It is less candied and more leafy in flavor, although there is certainly a lovely sweetness that lingers in the aftertaste. I do get a hint of a bite, although it is different from typical bitterness/astringency. It is a sharpess, almost spicy like arugala. I brewed it fairly strong, so the bite may be a factor of that as well. The beginning of the sip is buttery and slightly floral. I really like this one and find it more interesting than most Taiwanese high mountain oolongs that I have tried before. I may have to pick up more of this to play around with eventually. What can I say, I’m a sucker for sweet green oolongs with interesting layers of flavor.
Sipdown, 124. I actually meant to grab a different sample pouch this morning, but my brain is somewhat addled from poor sleep last night, so this one it is. Another of my winnings from Teavivre’s latest fall oolong giveaway.
Apparently the last time I had this tea (probably a different harvest) I found it to be not very toasted in flavor, but this one seems more roasty in the aroma at least. It is sweet and toasty, reminding me a bit of floral honey on toast (because there is also an awesome honeyed sweeteness in this one). Didn’t get that last time… I wonder if it was my leaf to water ratio? I am packing the leaf a bit more these days, which I think is making a difference when it comes to these oolongs. I am for sure enjoying these toasty oolongs more… maybe it’s my palate changing, maybe it’s that I figured out my optimal brewing for them, maybe it’s the fall weather that’s back! Nice and cool, perfect for curling up with a cup of tea.
Sipdown, 125. One more sipdown in, yes! Gongfu session.
To me, this is a pretty nice shu puerh, but it doesn’t stand out too much. It is a lot sweeter than a lot of other shus that I’ve tried. This one is woody, with a good bit of earthiness. It is one of those puerhs that really reminds me of a barn… The wood, the dirt, the leather, a bit of hay and sawdust. And sweet. An interesting tea, but not my style. Thanks again to Teavivre for this sample!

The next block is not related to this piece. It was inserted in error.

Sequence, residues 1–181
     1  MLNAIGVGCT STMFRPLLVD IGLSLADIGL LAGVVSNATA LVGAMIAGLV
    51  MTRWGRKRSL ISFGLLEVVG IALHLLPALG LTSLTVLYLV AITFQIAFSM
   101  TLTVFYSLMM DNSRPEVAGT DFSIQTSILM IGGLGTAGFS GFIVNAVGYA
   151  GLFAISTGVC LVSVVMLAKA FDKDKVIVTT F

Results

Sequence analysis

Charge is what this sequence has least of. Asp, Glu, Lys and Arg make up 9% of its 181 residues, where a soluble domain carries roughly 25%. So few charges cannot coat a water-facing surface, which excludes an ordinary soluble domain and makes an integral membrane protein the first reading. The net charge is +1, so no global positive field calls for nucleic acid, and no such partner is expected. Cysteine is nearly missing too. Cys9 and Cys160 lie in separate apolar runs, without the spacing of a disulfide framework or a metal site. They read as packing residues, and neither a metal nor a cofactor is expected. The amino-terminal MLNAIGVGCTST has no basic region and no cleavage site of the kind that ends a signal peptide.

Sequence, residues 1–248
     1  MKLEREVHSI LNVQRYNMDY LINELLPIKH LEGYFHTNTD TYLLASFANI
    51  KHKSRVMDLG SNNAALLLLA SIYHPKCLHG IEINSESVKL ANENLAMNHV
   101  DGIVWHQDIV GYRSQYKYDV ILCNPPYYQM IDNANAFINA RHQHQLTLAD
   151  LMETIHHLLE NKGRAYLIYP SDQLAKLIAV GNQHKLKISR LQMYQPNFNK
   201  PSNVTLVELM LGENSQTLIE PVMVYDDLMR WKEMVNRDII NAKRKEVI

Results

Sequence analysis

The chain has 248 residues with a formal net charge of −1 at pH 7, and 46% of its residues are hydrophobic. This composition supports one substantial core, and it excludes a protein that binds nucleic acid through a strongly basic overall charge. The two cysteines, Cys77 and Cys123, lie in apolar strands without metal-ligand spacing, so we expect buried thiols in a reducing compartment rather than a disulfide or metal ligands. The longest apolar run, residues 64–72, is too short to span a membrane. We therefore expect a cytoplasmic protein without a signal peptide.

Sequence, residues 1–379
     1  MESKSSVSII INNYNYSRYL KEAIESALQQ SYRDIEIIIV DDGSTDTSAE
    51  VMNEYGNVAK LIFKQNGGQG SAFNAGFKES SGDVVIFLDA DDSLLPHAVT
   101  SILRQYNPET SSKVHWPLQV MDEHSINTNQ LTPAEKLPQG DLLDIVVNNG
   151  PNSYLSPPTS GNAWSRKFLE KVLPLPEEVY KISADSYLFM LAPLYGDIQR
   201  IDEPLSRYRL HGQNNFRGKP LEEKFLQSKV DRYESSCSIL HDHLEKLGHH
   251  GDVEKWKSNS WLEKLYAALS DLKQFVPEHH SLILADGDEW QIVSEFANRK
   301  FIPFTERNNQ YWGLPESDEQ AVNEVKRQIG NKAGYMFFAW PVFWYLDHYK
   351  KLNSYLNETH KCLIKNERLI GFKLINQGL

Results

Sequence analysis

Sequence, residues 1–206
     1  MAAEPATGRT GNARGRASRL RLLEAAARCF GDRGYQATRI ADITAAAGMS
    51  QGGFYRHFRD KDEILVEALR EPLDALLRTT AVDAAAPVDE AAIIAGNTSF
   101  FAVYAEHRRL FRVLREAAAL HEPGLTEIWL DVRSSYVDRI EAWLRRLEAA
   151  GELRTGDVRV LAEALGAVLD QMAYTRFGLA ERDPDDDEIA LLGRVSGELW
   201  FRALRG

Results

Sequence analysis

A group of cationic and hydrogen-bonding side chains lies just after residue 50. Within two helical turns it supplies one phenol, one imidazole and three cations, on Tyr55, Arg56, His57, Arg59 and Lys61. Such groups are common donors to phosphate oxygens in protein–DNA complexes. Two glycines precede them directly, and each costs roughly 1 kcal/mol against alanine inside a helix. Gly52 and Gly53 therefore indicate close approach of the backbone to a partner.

Sipdown, 126. Gongfu session earlier today.
Call me a heathen, but I prefer this one western style. It was sweeter, and I liked the layers of flavor then instead of each layer individually. I was tasting each steep individually and then pouring the remainder into a larger cup to drink a bit later, and I have to say that enjoyed the cup more than the individual steeps. But, the point is that I did really enjoy this tea! Of all the teas I’ve experienced through the reserve club, wuyi oolongs are growing on me most.
Sipdown, 127. Made strong, with additions.
I am behind by one on sipdowns and we are going out today, so I am trying to squeeze them in. This one I decided I wasn’t super into plain, so I have been drinking it with milk and sugar at home. It is sweet (duh) and nutty, but not particularly caramelly. Ah well, it was a decent tea overall.
Sipdown, 128. Ah, yabao. I know when I drink it, I am going to be drinking a forest.
It is gross out today, hot and humid. I want my fall weather, dammit. I thought maybe drinking a piney forest would be cooling. First sip of the first steep is interesting! Not as piney as I was expecting. Actually very smooth, creamy, and a bit sweet. Notes of green leaves, but not entirely in a savory way. Like kale ice cream or something, although that sounds horrible. This is not, and I’m surprised that I am enjoying it as much as I am. This yabao reminds me more of the silver buds yabao than of the older yabao that came previously in the reserve club.
A few steeps in it loses the sweetness and becomes more leafy, but it’s never as earthy, woody, or piney as I expected. This was a really interesting and lovely tea, and one I’m really glad I got a chance to try.